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Fraud cycles

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  • Gong, Jiong
  • McAfee, R. Preston
  • Williams, Michael

Abstract

Fraud is an ancient crime and one that annually causes hundreds of billions of dollars in losses. We examine the behavioral patterns over time of different types of frauds, which illustrate cyclical frequencies. We develop an evolutionary theory that suggests cyclic behavior in frauds should be common.

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Bibliographic Info

Paper provided by University Library of Munich, Germany in its series MPRA Paper with number 28934.

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Date of creation: 15 Feb 2011
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Handle: RePEc:pra:mprapa:28934

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Keywords: fraud; cycle; steady state;

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References

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  1. Lucas, Robert Jr., 1972. "Expectations and the neutrality of money," Journal of Economic Theory, Elsevier, vol. 4(2), pages 103-124, April.
  2. Freeman, Scott & Grogger, Jeffrey & Sonstelie, Jon, 1996. "The Spatial Concentration of Crime," Journal of Urban Economics, Elsevier, vol. 40(2), pages 216-231, September.
  3. Ed Hopkins, 2001. "Two Competing Models of How People Learn in Games," NajEcon Working Paper Reviews 625018000000000226, www.najecon.org.
  4. Noe, Thomas H & Rebello, Michael J, 1994. "The Dynamics of Business Ethics and Economic Activity," American Economic Review, American Economic Association, vol. 84(3), pages 531-47, June.
  5. James D. Montgomery, 2010. "Intergenerational Cultural Transmission as an Evolutionary Game," American Economic Journal: Microeconomics, American Economic Association, vol. 2(4), pages 115-36, November.
  6. J. V. Hansen & J. B. McDonald & W. F. Messier, Jr. & T. B. Bell, 1996. "A Generalized Qualitative-Response Model and the Analysis of Management Fraud," Management Science, INFORMS, vol. 42(7), pages 1022-1032, July.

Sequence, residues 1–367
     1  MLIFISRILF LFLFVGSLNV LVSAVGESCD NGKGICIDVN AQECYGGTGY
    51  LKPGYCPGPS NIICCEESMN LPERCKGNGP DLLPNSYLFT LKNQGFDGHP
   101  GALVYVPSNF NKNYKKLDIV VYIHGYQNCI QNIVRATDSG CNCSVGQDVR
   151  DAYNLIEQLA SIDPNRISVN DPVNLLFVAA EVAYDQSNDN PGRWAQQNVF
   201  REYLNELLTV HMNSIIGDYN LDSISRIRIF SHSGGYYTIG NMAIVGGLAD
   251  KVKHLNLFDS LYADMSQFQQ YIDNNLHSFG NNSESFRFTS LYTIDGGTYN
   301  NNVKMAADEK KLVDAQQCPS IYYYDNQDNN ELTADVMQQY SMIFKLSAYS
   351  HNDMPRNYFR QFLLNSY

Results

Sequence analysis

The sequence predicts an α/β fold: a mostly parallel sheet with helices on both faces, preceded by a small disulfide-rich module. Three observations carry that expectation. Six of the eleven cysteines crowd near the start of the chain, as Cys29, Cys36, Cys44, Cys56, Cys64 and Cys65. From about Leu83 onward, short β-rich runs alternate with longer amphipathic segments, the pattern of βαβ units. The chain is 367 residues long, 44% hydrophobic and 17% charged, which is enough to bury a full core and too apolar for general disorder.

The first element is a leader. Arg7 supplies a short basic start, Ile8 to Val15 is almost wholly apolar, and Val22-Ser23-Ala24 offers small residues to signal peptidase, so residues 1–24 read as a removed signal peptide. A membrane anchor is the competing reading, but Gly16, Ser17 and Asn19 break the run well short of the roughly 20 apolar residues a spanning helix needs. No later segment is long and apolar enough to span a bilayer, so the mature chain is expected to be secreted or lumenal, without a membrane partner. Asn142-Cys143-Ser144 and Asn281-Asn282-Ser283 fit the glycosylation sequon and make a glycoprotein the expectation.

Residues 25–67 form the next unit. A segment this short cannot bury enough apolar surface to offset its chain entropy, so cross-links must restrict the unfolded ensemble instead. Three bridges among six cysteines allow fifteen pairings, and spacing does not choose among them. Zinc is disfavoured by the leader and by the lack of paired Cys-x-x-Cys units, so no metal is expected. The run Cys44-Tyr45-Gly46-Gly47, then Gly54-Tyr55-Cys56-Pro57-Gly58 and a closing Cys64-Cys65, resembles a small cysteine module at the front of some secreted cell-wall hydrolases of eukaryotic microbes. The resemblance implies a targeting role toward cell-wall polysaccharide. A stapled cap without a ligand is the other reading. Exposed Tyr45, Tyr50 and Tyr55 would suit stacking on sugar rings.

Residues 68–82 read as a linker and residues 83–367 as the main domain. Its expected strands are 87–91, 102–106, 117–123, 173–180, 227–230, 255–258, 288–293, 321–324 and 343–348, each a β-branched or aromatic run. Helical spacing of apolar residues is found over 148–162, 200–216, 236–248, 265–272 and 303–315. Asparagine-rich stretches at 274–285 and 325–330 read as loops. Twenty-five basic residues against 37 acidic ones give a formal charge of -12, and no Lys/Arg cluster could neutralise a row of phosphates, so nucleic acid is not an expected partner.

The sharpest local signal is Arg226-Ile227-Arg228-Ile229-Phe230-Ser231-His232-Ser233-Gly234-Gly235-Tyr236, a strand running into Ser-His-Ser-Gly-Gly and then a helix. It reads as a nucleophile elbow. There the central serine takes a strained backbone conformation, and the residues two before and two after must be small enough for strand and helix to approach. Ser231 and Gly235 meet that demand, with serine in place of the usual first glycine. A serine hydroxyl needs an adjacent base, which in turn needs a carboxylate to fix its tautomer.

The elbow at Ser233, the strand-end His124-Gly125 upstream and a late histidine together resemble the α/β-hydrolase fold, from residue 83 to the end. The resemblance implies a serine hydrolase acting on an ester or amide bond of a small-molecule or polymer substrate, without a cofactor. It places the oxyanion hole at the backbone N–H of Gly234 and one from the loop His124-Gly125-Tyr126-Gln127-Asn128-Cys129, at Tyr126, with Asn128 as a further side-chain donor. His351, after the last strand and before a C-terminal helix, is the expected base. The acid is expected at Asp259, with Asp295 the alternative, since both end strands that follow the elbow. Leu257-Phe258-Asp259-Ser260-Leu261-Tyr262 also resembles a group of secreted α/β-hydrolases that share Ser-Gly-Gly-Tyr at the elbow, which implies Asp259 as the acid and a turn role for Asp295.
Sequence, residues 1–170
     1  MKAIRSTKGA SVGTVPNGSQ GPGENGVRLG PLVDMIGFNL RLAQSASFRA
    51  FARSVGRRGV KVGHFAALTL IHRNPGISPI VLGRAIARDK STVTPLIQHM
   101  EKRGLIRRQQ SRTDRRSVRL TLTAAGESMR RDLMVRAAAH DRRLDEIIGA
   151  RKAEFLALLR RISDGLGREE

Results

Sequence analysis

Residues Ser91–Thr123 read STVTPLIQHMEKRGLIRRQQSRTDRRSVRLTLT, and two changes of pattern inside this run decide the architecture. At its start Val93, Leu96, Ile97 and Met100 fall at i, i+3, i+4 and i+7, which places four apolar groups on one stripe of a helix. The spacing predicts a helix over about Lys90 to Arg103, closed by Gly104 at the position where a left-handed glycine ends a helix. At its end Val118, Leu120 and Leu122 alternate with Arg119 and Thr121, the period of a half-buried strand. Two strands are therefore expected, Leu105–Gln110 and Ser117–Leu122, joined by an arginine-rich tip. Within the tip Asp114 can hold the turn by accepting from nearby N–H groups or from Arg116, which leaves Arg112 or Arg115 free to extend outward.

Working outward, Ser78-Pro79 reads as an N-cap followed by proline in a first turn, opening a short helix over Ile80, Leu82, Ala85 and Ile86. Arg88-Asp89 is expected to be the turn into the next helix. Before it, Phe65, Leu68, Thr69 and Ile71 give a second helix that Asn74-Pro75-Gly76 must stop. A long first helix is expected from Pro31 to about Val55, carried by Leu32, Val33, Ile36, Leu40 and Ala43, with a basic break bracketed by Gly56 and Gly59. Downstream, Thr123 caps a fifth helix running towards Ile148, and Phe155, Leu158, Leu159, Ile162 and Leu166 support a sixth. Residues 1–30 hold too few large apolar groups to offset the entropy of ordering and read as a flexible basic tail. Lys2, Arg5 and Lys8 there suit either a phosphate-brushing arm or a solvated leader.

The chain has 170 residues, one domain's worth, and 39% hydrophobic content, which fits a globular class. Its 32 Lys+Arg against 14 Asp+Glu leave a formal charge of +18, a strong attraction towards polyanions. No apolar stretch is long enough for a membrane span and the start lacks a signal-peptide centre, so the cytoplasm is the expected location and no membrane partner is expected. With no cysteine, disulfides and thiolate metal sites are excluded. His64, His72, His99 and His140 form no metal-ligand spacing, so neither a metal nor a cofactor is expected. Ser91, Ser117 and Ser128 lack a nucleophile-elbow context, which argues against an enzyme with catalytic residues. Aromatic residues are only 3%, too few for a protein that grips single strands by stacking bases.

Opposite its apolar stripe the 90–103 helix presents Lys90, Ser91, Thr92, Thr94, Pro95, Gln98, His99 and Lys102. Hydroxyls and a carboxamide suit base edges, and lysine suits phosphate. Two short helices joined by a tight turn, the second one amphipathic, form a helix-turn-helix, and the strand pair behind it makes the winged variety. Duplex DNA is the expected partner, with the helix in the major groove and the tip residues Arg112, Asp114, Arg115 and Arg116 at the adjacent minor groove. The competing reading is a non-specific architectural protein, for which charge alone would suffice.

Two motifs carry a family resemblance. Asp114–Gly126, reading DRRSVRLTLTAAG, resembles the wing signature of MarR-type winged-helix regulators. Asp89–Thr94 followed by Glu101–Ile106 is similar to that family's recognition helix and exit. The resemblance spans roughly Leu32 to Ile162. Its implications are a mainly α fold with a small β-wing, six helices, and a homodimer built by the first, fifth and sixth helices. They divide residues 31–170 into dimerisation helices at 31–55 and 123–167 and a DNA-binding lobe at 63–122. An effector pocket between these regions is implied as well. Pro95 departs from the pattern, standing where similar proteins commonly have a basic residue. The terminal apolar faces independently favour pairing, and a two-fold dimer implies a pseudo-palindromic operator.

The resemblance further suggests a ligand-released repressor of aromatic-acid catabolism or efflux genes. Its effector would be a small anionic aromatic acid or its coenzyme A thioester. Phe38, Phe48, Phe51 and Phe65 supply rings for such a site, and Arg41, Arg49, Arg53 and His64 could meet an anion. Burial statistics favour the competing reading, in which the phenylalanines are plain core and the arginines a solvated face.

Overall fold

7. Aleksander Berentsen & Yvan Lengwiler, 2004. "Fraudulent Accounting and Other Doping Games," Journal of Institutional and Theoretical Economics (JITE), Mohr Siebeck, Tübingen, vol. 160(3), pages 402-, September.
  8. Daniel Sutter, 2003. "Detecting and Correcting Election Fraud," Eastern Economic Journal, Eastern Economic Association, vol. 29(3), pages 433-451, Summer.
  9. Paul Povel & Rajdeep Singh & Andrew Winton, 2003. "Booms, Busts, and Fraud," Finance 0312007, EconWPA.
  10. Friedman, Daniel, 1991. "Evolutionary Games in Economics," Econometrica, Econometric Society, vol. 59(3), pages 637-66, May.
  11. Farrell, M J, 1970. "Some Elementary Selection Processes in Economics," Review of Economic Studies, Wiley Blackwell, vol. 37(3), pages 305-19, July.
  12. Lui, Francis T., 1986. "A dynamic model of corruption deterrence," Journal of Public Economics, Elsevier, vol. 31(2), pages 215-236, November.
  13. Shonkwiler, John Scott & Spreen, Thomas H., 1986. "Statistical Significance And Stability Of The Hog Cycle," Southern Journal of Agricultural Economics, Southern Agricultural Economics Association, vol. 18(02), December.
  14. Feldman, Roger, 2001. "An Economic Explanation for Fraud and Abuse in Public Medical Care Programs," The Journal of Legal Studies, University of Chicago Press, vol. 30(2), pages 569-77, June.
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As found by EconAcademics.org, the blog aggregator for Economics research:
  1. Fraud cycles
    by Economic Logician in Economic Logic on 2011-03-30 14:38:00
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Cited by:
  1. Marisa Agostini & Giovanni Favero, 2012. "Accounting fraud, business failure and creative auditing: A micro-analysis of the strange case of Sunbeam Corp," Working Papers 12, Department of Management, Università Ca' Foscari Venezia, revised Mar 2013.

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